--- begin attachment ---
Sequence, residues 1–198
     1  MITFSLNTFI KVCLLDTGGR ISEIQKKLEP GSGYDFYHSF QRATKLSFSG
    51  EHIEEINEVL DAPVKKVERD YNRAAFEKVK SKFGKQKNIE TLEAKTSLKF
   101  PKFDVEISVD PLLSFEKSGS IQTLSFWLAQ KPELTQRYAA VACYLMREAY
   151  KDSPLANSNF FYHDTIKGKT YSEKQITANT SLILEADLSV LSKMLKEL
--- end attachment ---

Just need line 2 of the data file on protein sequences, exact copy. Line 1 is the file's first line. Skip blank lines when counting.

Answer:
     1  MITFSLNTFI KVCLLDTGGR ISEIQKKLEP GSGYDFYHSF QRATKLSFSG